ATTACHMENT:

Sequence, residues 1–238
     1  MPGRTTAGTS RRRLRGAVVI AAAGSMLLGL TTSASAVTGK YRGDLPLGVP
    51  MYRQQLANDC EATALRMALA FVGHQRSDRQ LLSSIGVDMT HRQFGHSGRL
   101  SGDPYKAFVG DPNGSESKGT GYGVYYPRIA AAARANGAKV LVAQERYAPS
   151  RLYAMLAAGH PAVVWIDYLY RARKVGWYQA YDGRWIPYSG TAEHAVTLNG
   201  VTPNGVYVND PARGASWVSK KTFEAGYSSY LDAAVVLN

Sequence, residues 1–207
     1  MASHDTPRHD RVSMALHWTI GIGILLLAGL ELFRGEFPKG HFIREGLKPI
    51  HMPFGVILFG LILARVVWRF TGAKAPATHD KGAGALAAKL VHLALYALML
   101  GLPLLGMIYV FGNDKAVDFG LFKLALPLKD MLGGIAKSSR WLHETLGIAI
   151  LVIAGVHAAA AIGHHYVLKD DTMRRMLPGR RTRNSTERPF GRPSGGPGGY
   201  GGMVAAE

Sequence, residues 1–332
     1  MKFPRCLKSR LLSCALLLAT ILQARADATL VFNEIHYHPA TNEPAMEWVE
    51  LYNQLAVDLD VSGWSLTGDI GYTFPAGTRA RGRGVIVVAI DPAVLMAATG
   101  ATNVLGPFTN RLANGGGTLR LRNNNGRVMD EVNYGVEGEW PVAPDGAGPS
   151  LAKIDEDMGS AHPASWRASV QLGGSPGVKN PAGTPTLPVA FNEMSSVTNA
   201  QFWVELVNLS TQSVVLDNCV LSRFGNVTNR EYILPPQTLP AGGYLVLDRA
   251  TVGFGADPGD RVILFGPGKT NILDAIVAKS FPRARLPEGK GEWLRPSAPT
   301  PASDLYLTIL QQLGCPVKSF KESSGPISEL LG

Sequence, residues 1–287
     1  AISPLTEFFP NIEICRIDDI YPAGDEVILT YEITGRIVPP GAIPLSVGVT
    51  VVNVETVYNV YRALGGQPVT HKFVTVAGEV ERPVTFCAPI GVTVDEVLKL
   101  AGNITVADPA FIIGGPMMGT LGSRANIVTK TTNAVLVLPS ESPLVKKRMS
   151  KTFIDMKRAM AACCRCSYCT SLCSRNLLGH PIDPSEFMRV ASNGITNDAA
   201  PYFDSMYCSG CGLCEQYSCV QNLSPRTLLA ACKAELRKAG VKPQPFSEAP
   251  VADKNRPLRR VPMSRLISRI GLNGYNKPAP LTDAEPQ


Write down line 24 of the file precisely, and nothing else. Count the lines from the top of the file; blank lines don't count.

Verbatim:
   101  AGNITVADPA FIIGGPMMGT LGSRANIVTK TTNAVLVLPS ESPLVKKRMS